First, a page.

“The first store we walked into was Eastern Lines Surf Shop in Belmar – they took a chance when we had little to no following and we’re very grateful for that,” Strafaci said. “We are also at the Feet First Skate Shop in Red Bank, a store I grew up in when it was once located in Middletown, and more recently our products are also available at Gordon’s Surf Shop in Point Pleasant.”
Skateboarding:Toms River skaters, you get your skate park. here are the details
But the appeal of the company’s products extends far beyond Monmouth and Ocean counties.
“Our various designs featuring Tillie the Clown, a skeleton hand doing the shaka, and products with our ‘Surf and Annoy’ tagline have taken off and helped us become more of a comprehensive action sports brand with customers at across America, not just a Jersey Shore brand,” Strafaci said.
With a clientele that is largely between the ages of 15 and 30, but also includes people in their 50s and 60s who were part of the original board culture as well as a new generation of teenagers , “we are a welcoming community,” he said. .
“Work hard to stand out”
Among the challenges, Strafaci said supply chain issues that emerged during the pandemic forced it to manufacture products and manage inventory differently. At the same time, “there is always pressure to deliver the next big thing and maintain consistent growth,” he said. “There aren’t a lot of barriers to entry when you start a sportswear brand and there are a lot of competitors in our space, so we have to keep seizing every opportunity and working hard to stand out and develop ourselves.”
Strafaci plans to do this in a number of ways — supported by the $20,000 grant Cyndrom recently won in Rutgers Business School’s 2021-2022 business plan competition.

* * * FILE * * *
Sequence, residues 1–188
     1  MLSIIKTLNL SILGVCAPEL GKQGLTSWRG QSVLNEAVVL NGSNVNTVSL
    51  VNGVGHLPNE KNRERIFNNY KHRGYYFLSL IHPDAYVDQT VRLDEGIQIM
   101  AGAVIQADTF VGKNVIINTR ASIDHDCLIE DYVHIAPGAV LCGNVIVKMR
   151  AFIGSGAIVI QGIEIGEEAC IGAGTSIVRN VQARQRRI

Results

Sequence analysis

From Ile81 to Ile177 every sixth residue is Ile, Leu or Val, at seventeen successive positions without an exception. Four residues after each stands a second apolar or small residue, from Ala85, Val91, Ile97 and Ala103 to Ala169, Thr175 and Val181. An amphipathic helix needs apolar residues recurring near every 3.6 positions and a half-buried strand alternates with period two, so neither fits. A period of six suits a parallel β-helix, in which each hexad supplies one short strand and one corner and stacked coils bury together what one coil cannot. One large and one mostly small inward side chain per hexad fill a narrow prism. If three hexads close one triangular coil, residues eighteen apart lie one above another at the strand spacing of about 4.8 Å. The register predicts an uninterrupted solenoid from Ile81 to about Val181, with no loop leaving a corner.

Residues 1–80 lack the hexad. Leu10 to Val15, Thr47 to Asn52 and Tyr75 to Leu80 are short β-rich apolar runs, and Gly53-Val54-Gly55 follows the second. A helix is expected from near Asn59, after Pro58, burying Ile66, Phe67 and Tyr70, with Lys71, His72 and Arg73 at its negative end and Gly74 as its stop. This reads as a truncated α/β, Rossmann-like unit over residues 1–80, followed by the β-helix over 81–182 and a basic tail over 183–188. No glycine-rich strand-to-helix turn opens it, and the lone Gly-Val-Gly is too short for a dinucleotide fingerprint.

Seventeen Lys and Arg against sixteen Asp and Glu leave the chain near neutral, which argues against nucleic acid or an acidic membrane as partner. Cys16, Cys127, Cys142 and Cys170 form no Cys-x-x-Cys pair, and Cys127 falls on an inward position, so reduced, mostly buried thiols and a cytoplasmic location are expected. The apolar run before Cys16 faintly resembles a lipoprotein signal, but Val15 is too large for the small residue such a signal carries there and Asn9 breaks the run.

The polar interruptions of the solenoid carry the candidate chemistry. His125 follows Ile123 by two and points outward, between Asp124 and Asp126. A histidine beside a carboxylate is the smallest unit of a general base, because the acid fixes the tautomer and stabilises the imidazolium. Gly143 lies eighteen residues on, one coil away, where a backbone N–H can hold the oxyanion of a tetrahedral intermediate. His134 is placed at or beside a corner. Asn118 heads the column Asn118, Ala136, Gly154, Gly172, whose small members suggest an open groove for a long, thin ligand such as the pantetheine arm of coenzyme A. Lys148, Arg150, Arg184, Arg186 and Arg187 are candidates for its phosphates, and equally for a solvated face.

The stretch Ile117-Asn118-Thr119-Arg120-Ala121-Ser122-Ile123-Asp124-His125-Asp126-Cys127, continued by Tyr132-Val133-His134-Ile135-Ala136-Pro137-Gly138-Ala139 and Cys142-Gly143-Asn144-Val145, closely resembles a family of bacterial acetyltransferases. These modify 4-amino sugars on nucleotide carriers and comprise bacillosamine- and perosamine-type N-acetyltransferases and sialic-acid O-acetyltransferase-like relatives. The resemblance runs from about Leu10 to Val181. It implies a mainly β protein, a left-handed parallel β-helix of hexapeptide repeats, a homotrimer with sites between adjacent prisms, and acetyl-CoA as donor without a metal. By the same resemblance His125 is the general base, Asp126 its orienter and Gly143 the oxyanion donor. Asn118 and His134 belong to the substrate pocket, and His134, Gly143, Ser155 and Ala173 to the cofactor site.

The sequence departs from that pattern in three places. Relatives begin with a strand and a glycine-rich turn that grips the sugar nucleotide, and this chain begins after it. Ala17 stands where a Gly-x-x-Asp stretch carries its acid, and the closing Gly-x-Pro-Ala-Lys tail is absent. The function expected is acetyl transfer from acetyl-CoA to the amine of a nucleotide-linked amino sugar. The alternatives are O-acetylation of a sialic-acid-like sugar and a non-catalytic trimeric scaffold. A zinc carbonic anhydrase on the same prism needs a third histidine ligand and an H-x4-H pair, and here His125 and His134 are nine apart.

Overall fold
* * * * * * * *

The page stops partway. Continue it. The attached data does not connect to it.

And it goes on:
“We would like to have our own physical store one day, but right now we are growing thanks to the board shops and their owners, who give us a lot of feedback on customer preferences and trends,” he said. declared. “We want New Jersey surf and skate shops looking for a new local brand that has a lot of experience behind it and a lot of growth ahead of it to consider us.”
“We also plan to continue hosting pop-up events including the Belmar Pro Surfing Competition – which takes place this year from September 9-11 and where we will be offering special giveaways, merchandise and prizes – as well as the wider Surf Expo. . , the largest action sports retail show in the United States,” he continued.
“Our goal is to be a national athletic apparel brand for all board sports, and we have inland targets including Breckinridge, Colorado,” Strafaci said. “The new snowboard gloves we’re offering this year and in 2023 will be our foray into more technical gear, and next summer we’ll be introducing rashguards and other surf-related products.
Ultimately, “I want Cyndrom to be a leader in action sportswear,” Strafaci said. “Our products are designed by and for people who love these sports and truly reflect their spirit, culture and community. With the increased attention and influence that all board sports continue to garner online and at premier competitive events around the world, we want Cyndrom to be there and represent the surfer of all days.
As he continues to take Cyndrom to new heights, Strafaci confirmed that connecting with customers remains his favorite part of the business.
“Seeing others share my vision and appreciate what we offer is a very rewarding experience for any entrepreneur and I get the most pleasure out of it,” he said. As a boardsports enthusiast himself, “I love that we offer quality custom clothing for surfers that allows them to express their passion.”
Owner: Andrew Strafaci
Spear : 2017